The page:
“Gemma,” Sami and Gray answered simultaneously, causing her to stiffen. His answer sounded low and calm while hers felt like it was bordering hysterical.

“Royce, what’s this all about?” Sami had dispensed with Uncle years ago; the business had seen to that.

Royce picked up a blue file folder from the accent table next to him. “We got a problem, kiddo. Now, these are just copies but—” When Sami grasped it, he didn’t let go. “I want you to take this seriously.” 

Sami tugged the folder out of his hand and opened it. Inside, she found several pages of hand-scrawled messages and a few photos of herself with lewd gestures drawn on them in Sharpie. She frowned and looked to Royce, trying to think of a way to lessen her uncle’s concern. “I get this crap all the time. So what?”

It was true. She’d had plenty of deranged individuals trying to contact her. She always blew it off as part of the profession.

“They’ve been coming to the office pretty regularly,” Royce replied. “They recently started demanding money. Each time they upped their asking price.”

“How much?” Sami skimmed one of the letters, stunned to realize it was more than a simple threat.

“At first it was a million bucks. Then two.” Royce shrugged. “Even if I had easy access to that kind of dough, it’s not going to happen. But, that doesn’t mean I’m not concerned. That’s why I asked Grayson here, to provide security for you and look into all this.” 

Sami blinked at her uncle for a few moments. “I don’t need a bodyguard.” She closed the folder, tossed it onto the table and stared at Gray, struggling to keep her cool as he sat with his hands folded in his lap like he was judging her. “I thought you were in the Marines.” 

“I was. I have my own firm now. We provide security, personal and corporate, and provide investigative services to gather info and evidence.”

“Yeah, well, if I had a dollar for every time some psycho stalked me, I’d—well, I’d probably have the money to pay this one off.” 

Gray grunted at her remark and Sami glared at him. Seeing him now, looking like that, made her want to reach over and slap the gorgeous right off his face. 

Instead, she stood.

“I’m sorry if Royce wasted your time, Gray.” Sami slipped out of her sandals and pushed them under the table with her toes. “But, I’ll be fine. This happens all the time. Take care of yourself.”

She quickly crossed to the stairs going down to the beach as Royce called after her to stop.

A cacophony of gulls drowned him out as she headed through the smooth sand leading toward the water. 

She let out a deep breath as her pace slowed.

Up and down the coast, young children were building sandcastles as adults sat under colorful umbrellas. Just another day in the life of Royce’s neighbors, but Sami barely noticed. 

Why the hell was Grayson Finch sitting on her uncle’s porch? The last time they’d even spoken—more like screamed at each other—he was breaking up with her.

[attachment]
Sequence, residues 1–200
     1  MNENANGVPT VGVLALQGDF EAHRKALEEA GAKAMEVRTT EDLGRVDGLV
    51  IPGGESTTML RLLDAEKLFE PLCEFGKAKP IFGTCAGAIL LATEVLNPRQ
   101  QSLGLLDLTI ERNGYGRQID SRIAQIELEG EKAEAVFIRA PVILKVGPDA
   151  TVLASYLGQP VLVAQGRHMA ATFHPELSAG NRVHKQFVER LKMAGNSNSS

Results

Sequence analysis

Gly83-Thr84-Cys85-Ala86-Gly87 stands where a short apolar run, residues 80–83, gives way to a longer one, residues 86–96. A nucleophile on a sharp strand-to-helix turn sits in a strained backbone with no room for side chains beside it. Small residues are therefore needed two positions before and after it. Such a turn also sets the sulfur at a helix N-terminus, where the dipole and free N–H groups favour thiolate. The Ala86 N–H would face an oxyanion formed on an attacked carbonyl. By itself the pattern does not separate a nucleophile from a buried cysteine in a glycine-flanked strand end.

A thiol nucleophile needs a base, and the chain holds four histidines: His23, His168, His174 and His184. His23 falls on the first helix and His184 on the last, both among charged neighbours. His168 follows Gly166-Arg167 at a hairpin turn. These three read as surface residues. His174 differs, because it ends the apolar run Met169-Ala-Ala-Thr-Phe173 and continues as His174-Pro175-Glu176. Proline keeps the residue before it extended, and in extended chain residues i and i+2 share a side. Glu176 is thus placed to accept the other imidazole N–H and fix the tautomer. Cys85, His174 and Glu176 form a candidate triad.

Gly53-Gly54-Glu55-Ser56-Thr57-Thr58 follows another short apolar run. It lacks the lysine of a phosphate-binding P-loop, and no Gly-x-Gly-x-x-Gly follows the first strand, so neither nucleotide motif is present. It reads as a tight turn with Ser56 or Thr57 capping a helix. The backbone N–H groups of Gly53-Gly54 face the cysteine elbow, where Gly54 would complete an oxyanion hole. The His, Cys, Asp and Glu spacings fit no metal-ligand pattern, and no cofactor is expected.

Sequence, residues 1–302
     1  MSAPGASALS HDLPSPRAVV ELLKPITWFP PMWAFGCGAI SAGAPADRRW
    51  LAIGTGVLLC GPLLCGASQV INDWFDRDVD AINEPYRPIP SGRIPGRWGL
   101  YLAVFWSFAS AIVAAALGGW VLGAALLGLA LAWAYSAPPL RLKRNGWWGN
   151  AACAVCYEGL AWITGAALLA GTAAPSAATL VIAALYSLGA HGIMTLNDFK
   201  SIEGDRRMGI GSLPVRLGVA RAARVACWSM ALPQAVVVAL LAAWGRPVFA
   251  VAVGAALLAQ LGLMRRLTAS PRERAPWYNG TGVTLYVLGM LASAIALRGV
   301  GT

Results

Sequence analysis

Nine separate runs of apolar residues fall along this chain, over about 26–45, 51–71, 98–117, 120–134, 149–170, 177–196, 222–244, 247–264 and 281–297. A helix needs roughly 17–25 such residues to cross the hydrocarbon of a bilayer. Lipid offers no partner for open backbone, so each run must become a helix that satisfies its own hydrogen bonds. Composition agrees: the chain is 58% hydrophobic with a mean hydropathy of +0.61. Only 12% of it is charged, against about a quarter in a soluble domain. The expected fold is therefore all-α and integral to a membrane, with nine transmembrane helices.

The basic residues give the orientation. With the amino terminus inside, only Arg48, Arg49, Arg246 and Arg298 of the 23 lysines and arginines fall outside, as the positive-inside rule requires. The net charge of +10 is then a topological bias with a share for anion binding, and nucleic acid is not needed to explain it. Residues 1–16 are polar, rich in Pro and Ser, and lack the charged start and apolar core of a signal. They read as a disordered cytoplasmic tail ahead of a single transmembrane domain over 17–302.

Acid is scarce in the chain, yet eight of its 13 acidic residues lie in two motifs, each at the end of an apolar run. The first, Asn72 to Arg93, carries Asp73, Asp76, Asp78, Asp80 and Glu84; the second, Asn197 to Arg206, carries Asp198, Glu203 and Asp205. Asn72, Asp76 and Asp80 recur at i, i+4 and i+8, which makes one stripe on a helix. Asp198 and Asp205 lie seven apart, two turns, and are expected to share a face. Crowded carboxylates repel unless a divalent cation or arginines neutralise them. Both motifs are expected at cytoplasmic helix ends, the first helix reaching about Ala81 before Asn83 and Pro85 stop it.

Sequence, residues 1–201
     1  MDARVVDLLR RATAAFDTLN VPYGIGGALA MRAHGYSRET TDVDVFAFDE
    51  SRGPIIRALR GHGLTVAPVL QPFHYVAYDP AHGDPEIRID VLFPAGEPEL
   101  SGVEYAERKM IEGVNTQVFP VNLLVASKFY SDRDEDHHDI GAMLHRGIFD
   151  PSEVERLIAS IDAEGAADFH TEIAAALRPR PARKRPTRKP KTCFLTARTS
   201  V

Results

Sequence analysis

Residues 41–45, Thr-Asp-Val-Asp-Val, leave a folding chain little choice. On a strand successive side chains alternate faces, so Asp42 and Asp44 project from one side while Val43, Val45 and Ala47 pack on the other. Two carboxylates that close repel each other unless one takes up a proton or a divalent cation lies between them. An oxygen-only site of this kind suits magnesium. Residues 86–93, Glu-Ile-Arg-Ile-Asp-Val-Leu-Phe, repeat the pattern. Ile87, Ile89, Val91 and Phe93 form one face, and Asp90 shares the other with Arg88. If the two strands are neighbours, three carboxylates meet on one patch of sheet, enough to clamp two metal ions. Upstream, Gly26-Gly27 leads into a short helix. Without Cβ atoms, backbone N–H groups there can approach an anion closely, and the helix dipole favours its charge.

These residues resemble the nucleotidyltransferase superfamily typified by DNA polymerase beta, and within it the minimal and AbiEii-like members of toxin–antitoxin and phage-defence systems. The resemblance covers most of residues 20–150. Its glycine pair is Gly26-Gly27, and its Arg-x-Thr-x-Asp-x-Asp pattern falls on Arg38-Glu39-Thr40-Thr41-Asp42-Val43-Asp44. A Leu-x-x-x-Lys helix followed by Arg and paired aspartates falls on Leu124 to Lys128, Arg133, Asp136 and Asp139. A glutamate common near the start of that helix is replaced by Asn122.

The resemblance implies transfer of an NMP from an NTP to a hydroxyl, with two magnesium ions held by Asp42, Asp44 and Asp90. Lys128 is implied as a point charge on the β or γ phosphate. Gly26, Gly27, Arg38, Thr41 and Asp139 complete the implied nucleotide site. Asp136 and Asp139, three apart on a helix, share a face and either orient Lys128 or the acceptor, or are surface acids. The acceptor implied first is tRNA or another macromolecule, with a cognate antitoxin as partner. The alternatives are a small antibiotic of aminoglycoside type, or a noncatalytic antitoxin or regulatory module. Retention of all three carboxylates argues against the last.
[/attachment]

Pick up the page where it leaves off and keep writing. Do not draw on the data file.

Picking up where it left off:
The ugliness he’d spewed at her, at the end of that summer, came flooding back as waves licked at Sami’s feet. She remembered like it was yesterday.

“You’re living in a dream world if you think I’d pop your cherry, and stay here to work for your uncle.”

He had not, in fact, popped her cherry. And, it wasn’t for lack of trying on Sami’s part. She’d spent that entire summer alienating her friends, including Gemma; doing everything under the sun to lose her virginity to the hottest man she’d ever met. Not that they hadn’t come close. The intense make-out sessions in the apartment Gray had rented for the three months he was in Myrtle Beach, always ended with cold showers.

Sami had practically begged him to have sex that last night they were together, only to be denied. Gray had tossed her aside as if she’d meant nothing to him and left her with a broken heart and broken friendships.

And, now—he was here. Potentially working for her uncle. 

Damn, could’ve thrown that in his face.

Then he’d know it still bothered her. She wouldn’t give him that satisfaction.

When Sami glanced back at the house, Gray was approaching her. 

“What do you want, Gray?” she called over her shoulder.

“Sami, come back to the house so we can discuss this.”

“It’s nothing I haven’t seen before. I can take care of myself.” Sami picked up a shell and cast it into the waves. A seagull overhead dive-bombed toward it in search of food.

“Not this time. Trust me, people like this can be dangerous.” Gray held up the blue folder. “Considering you’re a rather high-profile celebrity who makes public appearances, your uncle insists—”

Sami spun to face him. His rugged features under the bright sun caught her off guard. In ten years, his face had weathered a bit, yet he was still arrestingly handsome. Maybe even more so now. 

“Give me a break. I wouldn’t be surprised if this was just a stunt intended to get me extra media coverage.”

“I think you do fine with that on your own.” Gray stepped toward her, risking the waves hitting his leather shoes. “This is not something you can take lightly.” 

She studied him for a moment, staring at the uncharacteristic scruff covering the dimples she knew existed in both cheeks. The way the sun and waves reflected in his intense stare sent every fiber of her being on fire.  

“You’re wasting your time.” Sami dug her toes in the sand as the waves covered her feet. 

“Let me be the judge of that.” Gray closed the gap between them. “Look, if anyone is going to protect the family gem, I’m your best option. It’s what I do now.” 

Sami straightened, not wanting to show him how much his physical presence agitated her, but he was so close, she could smell his woodsy cologne. She zeroed in on the short whiskers surrounding his mouth. Remembering how his lips had felt—

She crossed her arms over her chest. “This is nothing. I don’t need you.” 

Gray opened the folder, producing an item she had obviously missed.